Following Diwali, the air quality index (AQI) in Delhi on Tuesday morning was in the “very unhealthy” category, although it had crossed the hazardous category during early morning.
As per data from the US Embassy here, the PM 2.5 count on Tuesday morning stood at 297. There was a spike at 3 a.m. which took the AQI to hazardous levels of over 300. The spike lasted from 3 a.m. to 7 a.m.
The highest count registered was 306 at 3 a.m. The hazardous category causes serious aggravation of heart or lung diseases and premature mortality in persons with cardiopulmonary disease and among the elderly and poses serious risk of respiratory effects in the general population.
According to a forecast by Safar India, biomass related contribution may touch this year’s peak value of 25 per cent) on Tuesday. AQI is forecast to improve to the higher-end very poor category, and a slight increase in wind speed by Wednesday is expected to help improve AQI marginally to middle-end of the very poor category.
The unfavourable factors for AQI are increasing biomass fire counts, the stubble transport level wind in a northwesterly direction, and incidents of burning firecrackers. Haryana and Punjab stubble fire counts are increasing, and the transport level wind direction is favourable for plume transport. (IANS)
Parents, please take note. Researchers have revealed that kids with elevated exposure to early life stress in the home and increased prenatal exposure to air pollution exhibited heightened symptoms of attention and thought problems.
Early life stress is common in youth from disadvantaged backgrounds who also often live in areas with greater exposure to air pollution, according to the study, published in the Journal of Child Psychology and Psychiatry.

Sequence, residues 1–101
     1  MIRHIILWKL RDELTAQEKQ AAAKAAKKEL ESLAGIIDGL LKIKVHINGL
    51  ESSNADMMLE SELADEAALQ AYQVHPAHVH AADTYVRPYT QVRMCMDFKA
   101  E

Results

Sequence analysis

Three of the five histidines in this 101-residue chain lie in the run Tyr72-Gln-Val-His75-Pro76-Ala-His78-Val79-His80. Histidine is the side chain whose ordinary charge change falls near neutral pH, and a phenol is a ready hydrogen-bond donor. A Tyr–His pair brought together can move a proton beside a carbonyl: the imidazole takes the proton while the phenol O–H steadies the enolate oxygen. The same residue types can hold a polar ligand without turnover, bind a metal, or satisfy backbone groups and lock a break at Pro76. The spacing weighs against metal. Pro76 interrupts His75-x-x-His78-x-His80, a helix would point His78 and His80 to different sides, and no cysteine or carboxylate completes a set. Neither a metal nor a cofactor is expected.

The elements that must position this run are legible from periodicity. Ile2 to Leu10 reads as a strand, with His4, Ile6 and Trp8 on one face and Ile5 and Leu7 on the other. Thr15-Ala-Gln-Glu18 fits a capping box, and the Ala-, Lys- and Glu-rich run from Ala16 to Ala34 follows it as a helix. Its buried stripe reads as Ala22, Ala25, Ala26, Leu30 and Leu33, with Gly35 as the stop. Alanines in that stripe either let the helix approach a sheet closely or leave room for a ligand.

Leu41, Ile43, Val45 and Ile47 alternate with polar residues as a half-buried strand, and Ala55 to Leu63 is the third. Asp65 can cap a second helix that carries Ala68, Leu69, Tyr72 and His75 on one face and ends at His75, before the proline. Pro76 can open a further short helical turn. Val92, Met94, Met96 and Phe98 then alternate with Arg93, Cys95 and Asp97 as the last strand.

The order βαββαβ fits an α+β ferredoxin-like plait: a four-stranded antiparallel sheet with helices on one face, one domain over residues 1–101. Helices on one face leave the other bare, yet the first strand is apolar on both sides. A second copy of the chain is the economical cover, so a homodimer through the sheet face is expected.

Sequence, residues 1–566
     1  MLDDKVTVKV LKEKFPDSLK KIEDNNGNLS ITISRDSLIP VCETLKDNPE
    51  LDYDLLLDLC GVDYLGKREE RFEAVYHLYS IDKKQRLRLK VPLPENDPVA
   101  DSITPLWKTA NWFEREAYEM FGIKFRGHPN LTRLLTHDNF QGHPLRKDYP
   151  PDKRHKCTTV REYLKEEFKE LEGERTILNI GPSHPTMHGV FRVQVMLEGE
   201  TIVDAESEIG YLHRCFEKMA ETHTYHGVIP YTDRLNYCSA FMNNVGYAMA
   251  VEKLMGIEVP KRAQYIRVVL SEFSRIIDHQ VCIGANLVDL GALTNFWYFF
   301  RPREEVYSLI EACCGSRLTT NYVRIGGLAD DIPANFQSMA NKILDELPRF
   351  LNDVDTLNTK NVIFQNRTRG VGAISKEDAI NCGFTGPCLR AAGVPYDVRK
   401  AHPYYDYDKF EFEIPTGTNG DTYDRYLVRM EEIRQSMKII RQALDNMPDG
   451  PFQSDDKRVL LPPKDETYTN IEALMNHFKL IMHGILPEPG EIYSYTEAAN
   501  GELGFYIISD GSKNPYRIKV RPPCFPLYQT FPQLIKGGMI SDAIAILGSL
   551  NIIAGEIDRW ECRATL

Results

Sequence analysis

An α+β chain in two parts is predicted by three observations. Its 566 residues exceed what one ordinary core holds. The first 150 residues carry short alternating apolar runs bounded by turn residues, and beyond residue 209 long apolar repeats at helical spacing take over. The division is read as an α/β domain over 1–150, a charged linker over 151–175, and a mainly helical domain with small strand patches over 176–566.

“Prenatal exposure to polycyclic aromatic hydrocarbons, a neurotoxicant common in air pollution, seems to magnify or sustain the effects of early life social and economic stress on mental health in children,” said study first author David Pagliaccio from Columbia University in the US.
“Air pollutants are common in our environment, particularly in cities, and given socioeconomic inequities and environmental injustice, children growing up in disadvantaged circumstances are more likely to experience both life stress and exposure to neurotoxic chemicals,” said senior author Amy Margolis.
Air pollution has negative effects on physical health, and recent work has begun to also show the effects on mental health. Life stress, particularly in early life, is one of the best-known contributors to mental health problems.
This new study examined the combined effects of air pollution and early life stress on school-age children.
According to the researchers data were collected from the CCCEH Mothers and Newborns longitudinal birth cohort study in Northern Manhattan and the Bronx, which includes many participants who self-identify as African American or Dominican.
Mothers wore an air monitoring backpack during the third trimester of pregnancy to measure exposure to air pollutants in their daily lives.
When their children were 5 years old, mothers reported on stress in their lives, including neighbourhood quality, material hardship, intimate partner violence, perceived stress, lack of social support, and general distress levels.
Mothers then reported on their child’s psychiatric symptoms at ages 5, 7, 9 and 11.
The combined effect of air pollution and early life stress was seen across several measures of thought and attention problems/ADHD at the age 11.
The effects were also linked to PAH-DNA adducts–a dose-sensitive marker of air pollution exposure.